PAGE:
My first choice was Penn State. It was a more selective school, and it was right next door in Pennsylvania. It was going to cost some, since I wasn't a resident, but all of my other family members had taken on massive debt for school, why not me? I had to take the SAT to try and get in, instead of just the ACT. I applied in September to get in for early admissions.
School number two was Ohio State in Columbus. It was my safety school. It was still open enrollment and it was in a city 50 times larger than the nearest town to me. Just to mention it, because it amuses me, Columbus is also around 2000 times larger than the village in which I grew up. It may be even larger, given that 500 is being generous in terms of population. I applied in September all the same, just to make sure I was in somewhere.
The last one was just a wild shot in the dark; NYU. I had always thought it would be fun to just have a radical change, but well, much like the idea of going in as an army linguist, it stayed just that. I liked the idea of a huge city, but I had read somewhere that it was easily over 30,000 a year. I also just didn't think I was mature enough to really live in a huge city, much less that I could afford it. I had never been on a public bus before I went to college. I could just see it ending badly. So I didn't even bother applying.
In any case, I got word back from Penn State that I was deferred to a satellite campus, but Ohio State did everything but take me in 2001. So my choices were to be in a pretty large town with from what I had seen on the internet, a very active gay community, or go out into the middle of nowhere for a year or two, and maybe if I were lucky go to the central campus. I was a buckeye by November.
Another great shot of relief in my life was that I had an awesome guidance counselor. She checked up on everything for me, and was always asking me questions about thing. She was the gym teacher as well, and although I had my suspicions about her being a lesbian, I cannot say if it's the case. If she was, I think I pinged her gaydar. If not, I think she just realized how miserable I was. She also helped me with all the paperwork, and convincing my mother, to let me do Post-Secondary Enrollment.
Yes, that year was awesome, and nothing was better than finally living my dream. I came in for my morning German class at 8:30, and I got to leave at 9:15. I took college courses for the rest of the morning, until I came back for English class at 1pm. (Truthfully, it was a waste of time and I should have just taken a college level English course. I learned nothing in that class.) I went from there to Government (another waste of time mandated by the state of Ohio, and finally band for the end of the day at 3:15.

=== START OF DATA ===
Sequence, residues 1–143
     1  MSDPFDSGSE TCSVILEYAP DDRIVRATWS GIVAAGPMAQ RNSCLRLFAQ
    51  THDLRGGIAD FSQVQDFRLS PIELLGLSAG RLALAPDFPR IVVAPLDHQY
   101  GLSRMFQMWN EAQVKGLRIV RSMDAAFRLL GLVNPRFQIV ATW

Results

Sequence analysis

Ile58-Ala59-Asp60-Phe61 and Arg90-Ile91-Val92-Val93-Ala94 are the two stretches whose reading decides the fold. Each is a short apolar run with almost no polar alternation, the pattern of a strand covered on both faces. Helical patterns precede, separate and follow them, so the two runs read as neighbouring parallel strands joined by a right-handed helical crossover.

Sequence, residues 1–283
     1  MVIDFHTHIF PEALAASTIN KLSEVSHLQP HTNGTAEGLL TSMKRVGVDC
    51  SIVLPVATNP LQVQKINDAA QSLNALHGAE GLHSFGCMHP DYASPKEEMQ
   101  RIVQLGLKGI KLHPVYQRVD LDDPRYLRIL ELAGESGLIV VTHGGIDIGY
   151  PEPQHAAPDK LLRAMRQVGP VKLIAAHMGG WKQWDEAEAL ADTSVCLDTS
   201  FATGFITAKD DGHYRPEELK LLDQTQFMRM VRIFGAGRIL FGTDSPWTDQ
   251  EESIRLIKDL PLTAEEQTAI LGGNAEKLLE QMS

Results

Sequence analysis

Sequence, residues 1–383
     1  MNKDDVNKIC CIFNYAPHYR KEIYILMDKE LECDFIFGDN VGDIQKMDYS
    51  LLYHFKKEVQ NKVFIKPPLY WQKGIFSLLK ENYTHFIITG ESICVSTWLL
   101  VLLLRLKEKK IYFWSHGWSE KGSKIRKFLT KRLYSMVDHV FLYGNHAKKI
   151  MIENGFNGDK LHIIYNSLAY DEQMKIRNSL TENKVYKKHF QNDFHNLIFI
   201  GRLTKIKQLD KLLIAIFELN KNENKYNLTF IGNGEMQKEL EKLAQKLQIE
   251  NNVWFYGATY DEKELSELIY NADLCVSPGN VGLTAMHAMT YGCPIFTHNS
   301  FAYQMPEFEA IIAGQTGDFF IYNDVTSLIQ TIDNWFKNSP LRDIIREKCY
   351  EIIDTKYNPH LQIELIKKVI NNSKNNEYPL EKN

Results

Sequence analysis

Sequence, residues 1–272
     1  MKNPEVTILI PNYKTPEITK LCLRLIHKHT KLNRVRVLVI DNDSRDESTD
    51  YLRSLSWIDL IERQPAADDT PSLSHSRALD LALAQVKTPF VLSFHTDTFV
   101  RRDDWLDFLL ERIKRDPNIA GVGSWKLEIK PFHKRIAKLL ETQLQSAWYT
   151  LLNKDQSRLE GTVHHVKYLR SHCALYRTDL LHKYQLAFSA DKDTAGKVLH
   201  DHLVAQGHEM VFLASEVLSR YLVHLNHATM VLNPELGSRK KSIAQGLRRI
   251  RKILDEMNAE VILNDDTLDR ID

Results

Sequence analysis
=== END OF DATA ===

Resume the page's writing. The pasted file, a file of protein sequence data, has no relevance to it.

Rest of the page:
I had also been working up the courage to talk with other guys. Now, we had gotten internet when I was 14, but I had been terrified to talk with other guys. I was always worried that someday, my big secret would be revealed. I was living a double life in Defiance. During the day I was majorly geeky straight guy. But the afternoons and nights that I didn't have band, I was majorly geeky gay guy. Quelle différence, non? So before, I used to talk with a few guys on ICQ and I had a PlanetOut account since I was 15. I never had a picture up, and didn't start talking with guys on there until 2001. It was great to talk though, and know I wasn't the only one. Finally, spending a majority of my day at college, I could possibly meet other guys.
So I set up to meet this guy who had graduated the year before me from a nearby high school and he was currently a student at the same college. He and I got along, we were both computer science majors, and he was alive. Three excellent arguments for meeting him. We said we'd meet in the main atrium around 11, and we'd go have breakfast together. I was all excited, and I was nervous. 11 came, and went. No guy showed up.... So I guess we live and learn. I never met any other guys in person before starting college. I did make a few attempts. Nothing ever became of it.
I had finally come to accept myself for who I was. However, I'd never said it out loud.